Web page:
Medals have a very important characteristic of longevity. They last forever. That frame documents your service. That is why the nameplate is necessary. Along with your name include your branch of service, dates; list the campaigns if you wish. This is permanent documentation.
The frame serves to preserve the condition of the medals as well. The author was a dealer in medals for a decade and a half, dealing in all medals from all countries, decorations in addition to “table medals” – what collectors called medals that are not worn.
A customer wanted to know the value of a Panama Canal Medal he had inherited from an elderly uncle. It bore the portrait of Teddy Roosevelt and was designed by Victor D. Brenner, designer of the Lincoln Cent. He didn’t know how rare it was. The medal was badly nicked and pitted. “Where has this medal been?” I asked.
“I kept it in my fishing tackle box,” he said. Along with plugs and hooks. I had to tell him he put a $1,000 medal in his fishing tackle box, certainly not the best place for it, and took out a $200 medal. Its condition and value had been drastically lowered.
So use of frames will preserve the original condition.
Just as service personnel “preserve and protect” America in the military, in a statement by Ross Hansen, president of Medallic Art Company, maker of military medals, veterans should “preserve and protect their medals.”
Medallic Art’s connection with military medals goes back to World War I. The firm served sculptors, in fact the founders themselves were sculptors, Henri and Felix Weil. Another sculptor, James Earle Fraser, was commissioned to create the Victory Medal, to be given to ever person who served in that “Great War.”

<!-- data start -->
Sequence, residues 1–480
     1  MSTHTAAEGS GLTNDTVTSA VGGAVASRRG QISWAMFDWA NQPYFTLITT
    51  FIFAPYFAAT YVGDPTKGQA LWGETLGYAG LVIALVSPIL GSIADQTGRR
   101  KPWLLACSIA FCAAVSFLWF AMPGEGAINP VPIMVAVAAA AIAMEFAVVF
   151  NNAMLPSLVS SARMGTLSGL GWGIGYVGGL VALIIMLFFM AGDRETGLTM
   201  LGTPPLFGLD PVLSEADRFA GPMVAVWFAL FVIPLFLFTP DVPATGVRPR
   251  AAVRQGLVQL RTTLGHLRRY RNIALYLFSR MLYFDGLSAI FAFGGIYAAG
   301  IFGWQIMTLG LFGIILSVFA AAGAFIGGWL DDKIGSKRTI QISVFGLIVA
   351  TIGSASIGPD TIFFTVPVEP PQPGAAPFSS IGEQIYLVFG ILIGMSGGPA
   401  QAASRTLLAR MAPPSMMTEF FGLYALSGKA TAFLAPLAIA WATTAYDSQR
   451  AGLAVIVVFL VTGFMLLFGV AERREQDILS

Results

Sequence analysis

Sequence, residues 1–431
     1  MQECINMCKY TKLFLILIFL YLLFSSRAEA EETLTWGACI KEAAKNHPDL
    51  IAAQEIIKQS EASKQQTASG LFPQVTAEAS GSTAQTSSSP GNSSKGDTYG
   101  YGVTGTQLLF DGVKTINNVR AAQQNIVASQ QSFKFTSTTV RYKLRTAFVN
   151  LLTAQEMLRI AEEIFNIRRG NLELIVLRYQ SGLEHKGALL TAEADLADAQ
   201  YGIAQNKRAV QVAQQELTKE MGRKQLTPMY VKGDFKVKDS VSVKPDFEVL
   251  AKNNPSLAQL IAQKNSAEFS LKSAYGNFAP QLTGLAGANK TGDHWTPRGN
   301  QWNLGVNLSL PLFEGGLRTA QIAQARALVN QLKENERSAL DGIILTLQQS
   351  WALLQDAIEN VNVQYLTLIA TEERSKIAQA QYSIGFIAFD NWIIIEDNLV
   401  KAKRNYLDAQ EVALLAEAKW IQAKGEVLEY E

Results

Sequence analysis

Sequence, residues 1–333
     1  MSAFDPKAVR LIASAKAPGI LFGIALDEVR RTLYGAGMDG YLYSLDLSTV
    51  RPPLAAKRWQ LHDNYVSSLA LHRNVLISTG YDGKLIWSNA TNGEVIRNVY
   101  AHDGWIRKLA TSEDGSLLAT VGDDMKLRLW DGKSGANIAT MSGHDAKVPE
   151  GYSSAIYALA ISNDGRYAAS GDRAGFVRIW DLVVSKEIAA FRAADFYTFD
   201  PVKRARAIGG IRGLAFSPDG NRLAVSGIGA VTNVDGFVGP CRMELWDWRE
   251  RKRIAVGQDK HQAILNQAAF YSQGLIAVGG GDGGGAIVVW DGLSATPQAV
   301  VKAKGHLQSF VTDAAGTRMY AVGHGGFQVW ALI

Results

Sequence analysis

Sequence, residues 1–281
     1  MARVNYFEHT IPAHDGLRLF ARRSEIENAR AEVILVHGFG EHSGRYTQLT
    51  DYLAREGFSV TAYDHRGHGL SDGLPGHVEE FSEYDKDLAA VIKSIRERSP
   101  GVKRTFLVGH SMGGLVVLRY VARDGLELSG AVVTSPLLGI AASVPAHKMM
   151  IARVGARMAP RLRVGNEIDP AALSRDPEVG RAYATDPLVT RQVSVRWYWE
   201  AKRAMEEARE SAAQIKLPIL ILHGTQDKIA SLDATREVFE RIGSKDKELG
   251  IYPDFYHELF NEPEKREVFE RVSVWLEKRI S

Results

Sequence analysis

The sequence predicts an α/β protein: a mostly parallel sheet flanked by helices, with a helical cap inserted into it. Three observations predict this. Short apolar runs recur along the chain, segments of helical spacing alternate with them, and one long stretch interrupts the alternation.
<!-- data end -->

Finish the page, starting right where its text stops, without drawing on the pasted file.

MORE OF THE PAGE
Three million such medals were required. That’s a large order. Another sculptor, Herbert Adams, was hired by the Secretary of War to oversee that commission.
Fraser created his medal design in clay, nine to ten times the size of the intended medal, then he cast that in plaster for both sides. He brought these plasters to Medallic Art Company Weils, who made wax reductions on a machine they had imported from France.
Fraser had the Weils do this over and over until he was satisfied with his design. The Weils then made dies to strike sample medals to be turned over to the government. The Weils also helped write specifications as to how these medals were to be made.
The Weils also wanted to manufacture those medals for the great profits to be earned from striking so many medals. Dozens of firms were invited to bid. The Weils bid 75¢ each, where other firms bid as high as $1 each. But the contract went to a Newark metalstamping firm which had bid 17¢ each.
But the government learned a lesson. The quality of those World War Victory medals at 17¢ each were so poor the firm was never given another contract. In contrast, the Medallic Art Company was awarded contract after contract throughout the years, up to and following World War II where the size of the orders were for millions of medals.
In all, Medallic Art struck 58 different military medals and decorations for the U.S. government including the Congressional Medal of Honor. It worked with the Institute of Heraldry, which, for the most part, designed, oversaw, and ordered the medals. Medallic Art created all the tools, dies and punches needed for this detailed work. America’s military medals are some of the finest in the world.